Most women experience some degree of emotional or physical discomfort a few days before and just after their menstrual period begins each month. About 5% of women of childbearing age, however, experience premenstrual symptoms that are so severe they cause significant mental distress and interfere with work, school, or relationships — thereby meeting the criteria for premenstrual dysphoric disorder, or PMDD. Another 18% to 35% of women suffer from less severe, but nevertheless bothersome, premenstrual symptoms.
Although sometimes dismissed as trivial, PMDD can disrupt a woman's life and relationships so completely, she may despair that life itself is not worth living. About 15% of women with PMDD attempt suicide. Fortunately, treatment options exist for PMDD — but the most effective are not always prescribed.
PMDD Risk factors and diagnosis
Brain areas that regulate emotion and behavior are studded with receptors for estrogen, progesterone, and other sex hormones. These hormones affect the functioning of neurotransmitter systems that influence mood and thinking — and in this way may trigger PMDD. But it's not clear why some women are more sensitive than others. Genetic vulnerability likely contributes. Other risk factors for developing PMDD include stress, being overweight or obese, and a past history of trauma or sexual abuse.
Also, it's important to rule out other conditions that cause symptoms similar to PMDD, such as depression, dysthymia, anxiety, and hypothyroidism.
A key challenge in PMDD diagnosis is differentiating between mild premenstrual symptoms, which may be annoying but are not disabling, and those severe enough to interfere with daily life.
Proposed criteria for premenstrual dysphoric disorder (PMDD)
Serotonin reuptake inhibitors for PMDD
Antidepressants that slow the reuptake of serotonin are effective for many women with PMDD. Options include selective serotonin reuptake inhibitors (SSRIs) such as citalopram (Celexa) and fluoxetine (Prozac); the serotonin and norepinephrine reuptake inhibitor (SNRI) venlafaxine (Effexor); and a tricyclic antidepressant that has a strong effect on serotonin, called clomipramine (Anafranil). Studies report that 60% to 90% of women with PMDD respond to treatment with drugs that block reuptake of serotonin, compared with 30% to 40% of those who take a placebo.
Other types of antidepressants, which target neurotransmitters other than serotonin, have not proven effective in treating PMDD. This suggests that serotonin reuptake inhibitors work in some way independent of their antidepressant effect — but their mechanism of action in PMDD remains unclear.
These drugs also alleviate symptoms of PMDD more quickly than depression, which means that women don't necessarily have to take the drugs every day. Instead, women can take them on an intermittent basis, also known as luteal-phase dosing because it coincides with the roughly 14-day span that begins just after ovulation and ends when menstruation starts.
The decision about whether to take a serotonin reuptake inhibitor every day or on an intermittent basis depends on the type of symptoms a particular woman experiences and if the symptoms of PMDD are superimposed on a more persistent depression. Intermittent dosing is sufficient for treating irritability or mood, but daily medication may be necessary to control somatic symptoms such as fatigue and physical discomfort.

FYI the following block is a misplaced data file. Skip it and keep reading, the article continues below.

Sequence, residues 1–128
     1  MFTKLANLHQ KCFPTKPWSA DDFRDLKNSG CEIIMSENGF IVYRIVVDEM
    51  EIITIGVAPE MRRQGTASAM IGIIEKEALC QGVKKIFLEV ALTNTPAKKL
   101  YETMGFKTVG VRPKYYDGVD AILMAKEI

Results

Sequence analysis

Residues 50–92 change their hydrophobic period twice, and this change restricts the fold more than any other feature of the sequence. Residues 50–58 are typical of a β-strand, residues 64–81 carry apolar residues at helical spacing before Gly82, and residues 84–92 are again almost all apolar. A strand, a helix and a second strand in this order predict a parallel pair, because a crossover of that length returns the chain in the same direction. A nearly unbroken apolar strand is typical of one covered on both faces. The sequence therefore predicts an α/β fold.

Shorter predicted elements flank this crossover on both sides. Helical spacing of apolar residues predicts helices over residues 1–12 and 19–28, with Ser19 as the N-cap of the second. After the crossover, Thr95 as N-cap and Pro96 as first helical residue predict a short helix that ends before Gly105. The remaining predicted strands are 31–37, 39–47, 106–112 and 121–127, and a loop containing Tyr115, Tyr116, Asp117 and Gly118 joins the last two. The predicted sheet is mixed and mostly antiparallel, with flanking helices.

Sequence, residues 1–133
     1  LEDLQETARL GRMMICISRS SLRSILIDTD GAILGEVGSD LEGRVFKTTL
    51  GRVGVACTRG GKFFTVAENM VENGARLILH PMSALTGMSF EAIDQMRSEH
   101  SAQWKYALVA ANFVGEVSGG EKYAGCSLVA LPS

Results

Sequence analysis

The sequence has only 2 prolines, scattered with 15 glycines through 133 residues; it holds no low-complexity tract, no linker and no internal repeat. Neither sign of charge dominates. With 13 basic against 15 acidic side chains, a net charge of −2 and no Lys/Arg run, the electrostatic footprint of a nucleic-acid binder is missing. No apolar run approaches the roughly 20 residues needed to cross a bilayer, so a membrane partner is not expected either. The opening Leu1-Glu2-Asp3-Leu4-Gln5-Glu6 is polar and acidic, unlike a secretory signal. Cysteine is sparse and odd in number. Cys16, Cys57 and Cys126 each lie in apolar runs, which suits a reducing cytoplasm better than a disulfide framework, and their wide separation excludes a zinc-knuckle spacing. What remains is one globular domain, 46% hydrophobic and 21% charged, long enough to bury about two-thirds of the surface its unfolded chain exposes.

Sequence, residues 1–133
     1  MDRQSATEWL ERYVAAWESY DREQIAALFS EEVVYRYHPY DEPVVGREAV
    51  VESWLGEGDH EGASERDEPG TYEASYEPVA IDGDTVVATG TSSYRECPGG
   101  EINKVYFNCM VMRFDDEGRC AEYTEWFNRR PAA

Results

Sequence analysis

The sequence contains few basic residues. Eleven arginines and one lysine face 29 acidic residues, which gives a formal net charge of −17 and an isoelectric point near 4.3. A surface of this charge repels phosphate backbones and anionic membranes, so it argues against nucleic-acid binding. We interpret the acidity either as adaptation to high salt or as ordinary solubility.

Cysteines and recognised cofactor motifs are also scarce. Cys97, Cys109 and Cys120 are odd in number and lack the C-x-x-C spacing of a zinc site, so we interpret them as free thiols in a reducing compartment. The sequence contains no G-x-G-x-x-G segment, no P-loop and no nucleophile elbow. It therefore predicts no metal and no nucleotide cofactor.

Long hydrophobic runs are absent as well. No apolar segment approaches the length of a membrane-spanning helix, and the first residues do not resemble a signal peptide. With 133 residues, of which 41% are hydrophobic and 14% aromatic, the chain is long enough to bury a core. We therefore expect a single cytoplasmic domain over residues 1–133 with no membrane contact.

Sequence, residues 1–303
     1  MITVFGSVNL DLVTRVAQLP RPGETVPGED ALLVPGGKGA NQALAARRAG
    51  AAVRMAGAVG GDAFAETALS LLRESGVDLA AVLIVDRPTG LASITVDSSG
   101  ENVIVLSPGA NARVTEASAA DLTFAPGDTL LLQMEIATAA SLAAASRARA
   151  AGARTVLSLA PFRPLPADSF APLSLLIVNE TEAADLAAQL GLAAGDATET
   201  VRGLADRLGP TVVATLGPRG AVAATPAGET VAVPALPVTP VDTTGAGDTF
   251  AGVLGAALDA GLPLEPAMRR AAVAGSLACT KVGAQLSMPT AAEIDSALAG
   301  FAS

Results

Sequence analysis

Side effects of serotonin reuptake inhibitors are usually relatively mild and transient. Nausea, for example, typically subsides after several days of taking a drug for the first time — and the problem tends not to recur even when the drug is taken intermittently.
Sexual side effects, such as reduced libido and inability to reach orgasm, can be troubling and persistent, however, even when dosing is intermittent. Of course, PMDD can also lessen sexual desire, so as a practical matter, taking a serotonin reuptake inhibitor on an intermittent basis may still seem like an acceptable strategy.
Hormone therapies may be helpful for some women. They seem to work in PMDD act not by countering hormonal abnormalities, but by interrupting aberrant signaling in the hypothalamic-pituitary-gonadal circuit that links brain and ovaries and regulates the reproductive cycle
PMDD lifestyle changes
Lifestyle changes are always worth the effort.
Diet. The usual dietary advice given to women with mild or even moderate premenstrual symptoms — such as consuming less caffeine, sugar, or alcohol, and eating smaller, more frequent meals — is unlikely to help women with PMDD.
Preliminary evidence suggests that what may help PMDD is consuming more high-protein foods or complex carbohydrates to raise levels of tryptophan, a precursor of serotonin and other neurotransmitters.
Aerobic exercise. Although it has not been well studied for PMDD, a wealth of evidence concludes that aerobic physical activity, such as walking, swimming, or biking, tends to improve mood and energy levels.
Supplements. Vitamin B6, calcium, magnesium supplements, and herbal remedies have all been studied for use in PMDD — but as yet there is no consistent or compelling evidence leading to consensus about their efficacy.
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